Rules that don't explicitly contradict each other are complimentary, as in this case. A general statement is made, and specified later in the spell description.

WhiteHarness
2007-02-10, 09:23 PM
I like the strict wording of this spell. Once, I had a player who wanted to shatter his opponent's mail shirt. He thought that the spell would let him do that. Nope, it says it will shatter one object. I allowed him to shatter one ring of the man's mail. To allow it to utterly destory the guy's armour, with no saving throw, is evil and unbalancing.

Emperor Tippy
2007-02-10, 09:34 PM
White, what if the guy was wearing full plate? Or a breastplate. He could shatter the chest piece or breastplate but not the mail shirt/chain shirt?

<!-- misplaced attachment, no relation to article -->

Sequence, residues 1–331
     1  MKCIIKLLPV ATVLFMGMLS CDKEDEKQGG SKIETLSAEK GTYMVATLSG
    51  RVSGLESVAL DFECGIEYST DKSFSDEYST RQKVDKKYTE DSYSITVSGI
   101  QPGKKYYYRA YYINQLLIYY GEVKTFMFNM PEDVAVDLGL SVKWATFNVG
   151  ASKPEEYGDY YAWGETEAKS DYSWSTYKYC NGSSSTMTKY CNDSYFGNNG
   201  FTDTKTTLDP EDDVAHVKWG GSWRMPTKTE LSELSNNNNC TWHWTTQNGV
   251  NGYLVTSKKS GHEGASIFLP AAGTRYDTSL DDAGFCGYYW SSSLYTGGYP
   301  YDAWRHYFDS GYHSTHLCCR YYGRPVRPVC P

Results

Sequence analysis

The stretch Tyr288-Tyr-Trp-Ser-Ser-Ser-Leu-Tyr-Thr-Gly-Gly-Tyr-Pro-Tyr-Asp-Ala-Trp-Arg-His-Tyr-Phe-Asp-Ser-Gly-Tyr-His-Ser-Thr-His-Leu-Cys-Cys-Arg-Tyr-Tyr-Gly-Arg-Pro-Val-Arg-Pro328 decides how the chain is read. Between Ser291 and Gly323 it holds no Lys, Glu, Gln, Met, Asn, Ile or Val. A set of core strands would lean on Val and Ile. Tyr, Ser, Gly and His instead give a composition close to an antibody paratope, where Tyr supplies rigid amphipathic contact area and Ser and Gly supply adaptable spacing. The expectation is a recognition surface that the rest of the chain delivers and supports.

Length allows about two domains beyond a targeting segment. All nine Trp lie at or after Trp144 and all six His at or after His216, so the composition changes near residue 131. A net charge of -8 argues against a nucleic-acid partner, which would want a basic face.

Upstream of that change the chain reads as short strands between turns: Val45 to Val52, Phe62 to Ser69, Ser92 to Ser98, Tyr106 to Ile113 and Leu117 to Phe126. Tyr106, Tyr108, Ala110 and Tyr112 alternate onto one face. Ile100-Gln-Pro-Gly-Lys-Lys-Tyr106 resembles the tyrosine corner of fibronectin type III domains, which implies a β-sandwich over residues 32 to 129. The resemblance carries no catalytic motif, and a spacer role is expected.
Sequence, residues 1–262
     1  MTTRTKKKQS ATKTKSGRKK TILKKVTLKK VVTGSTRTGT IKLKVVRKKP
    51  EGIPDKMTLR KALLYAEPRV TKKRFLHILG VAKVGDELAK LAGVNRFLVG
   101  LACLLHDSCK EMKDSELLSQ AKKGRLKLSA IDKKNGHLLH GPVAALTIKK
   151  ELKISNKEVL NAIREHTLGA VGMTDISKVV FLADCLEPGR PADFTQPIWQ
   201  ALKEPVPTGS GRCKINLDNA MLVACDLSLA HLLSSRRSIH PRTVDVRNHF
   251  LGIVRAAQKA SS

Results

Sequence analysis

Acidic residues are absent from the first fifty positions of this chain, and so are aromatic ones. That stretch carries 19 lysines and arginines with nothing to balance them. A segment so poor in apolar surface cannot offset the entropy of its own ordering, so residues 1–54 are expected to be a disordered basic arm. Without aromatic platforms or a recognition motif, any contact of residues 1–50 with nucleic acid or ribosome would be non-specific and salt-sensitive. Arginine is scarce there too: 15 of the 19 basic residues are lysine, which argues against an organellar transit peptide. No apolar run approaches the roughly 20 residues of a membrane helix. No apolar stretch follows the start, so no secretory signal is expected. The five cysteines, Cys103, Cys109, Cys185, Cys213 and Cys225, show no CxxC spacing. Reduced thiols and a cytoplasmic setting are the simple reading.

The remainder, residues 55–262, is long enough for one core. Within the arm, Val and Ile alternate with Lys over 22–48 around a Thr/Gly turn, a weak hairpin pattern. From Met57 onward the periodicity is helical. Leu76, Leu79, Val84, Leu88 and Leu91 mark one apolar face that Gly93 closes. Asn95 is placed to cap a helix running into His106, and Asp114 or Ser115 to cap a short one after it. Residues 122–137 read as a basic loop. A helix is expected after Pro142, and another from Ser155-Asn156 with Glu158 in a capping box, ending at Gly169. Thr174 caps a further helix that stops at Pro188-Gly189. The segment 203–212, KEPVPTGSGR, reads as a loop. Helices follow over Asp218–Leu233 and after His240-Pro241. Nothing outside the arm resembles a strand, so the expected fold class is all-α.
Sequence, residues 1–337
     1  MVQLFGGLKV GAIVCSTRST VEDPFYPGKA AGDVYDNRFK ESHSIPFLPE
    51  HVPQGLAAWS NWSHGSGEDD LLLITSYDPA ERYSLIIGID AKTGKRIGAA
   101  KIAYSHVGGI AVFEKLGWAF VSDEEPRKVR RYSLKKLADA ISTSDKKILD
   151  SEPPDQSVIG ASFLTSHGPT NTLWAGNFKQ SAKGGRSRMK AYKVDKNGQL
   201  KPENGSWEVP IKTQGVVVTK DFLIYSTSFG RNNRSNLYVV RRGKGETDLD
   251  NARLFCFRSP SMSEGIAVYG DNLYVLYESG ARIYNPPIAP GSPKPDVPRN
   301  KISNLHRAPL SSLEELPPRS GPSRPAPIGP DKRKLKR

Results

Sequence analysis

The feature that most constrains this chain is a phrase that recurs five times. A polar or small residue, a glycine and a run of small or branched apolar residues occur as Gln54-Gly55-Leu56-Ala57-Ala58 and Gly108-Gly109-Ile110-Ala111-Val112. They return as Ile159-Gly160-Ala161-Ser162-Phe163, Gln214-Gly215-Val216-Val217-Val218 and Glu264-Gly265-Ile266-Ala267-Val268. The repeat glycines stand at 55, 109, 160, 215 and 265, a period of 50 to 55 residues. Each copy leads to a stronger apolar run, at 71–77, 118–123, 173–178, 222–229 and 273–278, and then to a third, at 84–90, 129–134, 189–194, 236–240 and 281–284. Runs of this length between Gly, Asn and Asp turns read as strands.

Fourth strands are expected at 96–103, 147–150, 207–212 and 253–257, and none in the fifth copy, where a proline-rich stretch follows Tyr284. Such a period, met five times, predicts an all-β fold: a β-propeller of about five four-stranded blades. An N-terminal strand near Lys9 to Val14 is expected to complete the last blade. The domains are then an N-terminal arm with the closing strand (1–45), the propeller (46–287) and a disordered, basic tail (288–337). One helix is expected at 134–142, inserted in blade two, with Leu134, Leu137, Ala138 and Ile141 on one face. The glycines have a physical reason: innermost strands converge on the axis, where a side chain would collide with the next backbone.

Thomas
2007-02-10, 09:54 PM
That's a silly definition. An object, in game terms, can be quite complex. Or do you require enchanters to enchant each link of maille individually, too? Each helmet and gauntlet? Each plate of a suit of plate armor?

Pft.

kamikasei
2007-02-10, 09:55 PM
White, what if the guy was wearing full plate? Or a breastplate. He could shatter the chest piece or breastplate but not the mail shirt/chain shirt?

If he had the levels to make up the armour's weight at 10lb a level, I'd say he ought to be able to use shatter on a nonmagical piece of armour, except that:


Shatter creates a loud, ringing noise that breaks brittle, nonmagical objects; sunders a single solid, nonmagical object; or damages a crystalline creature. (here (http://www.d20srd.org/srd/spells/shatter.htm))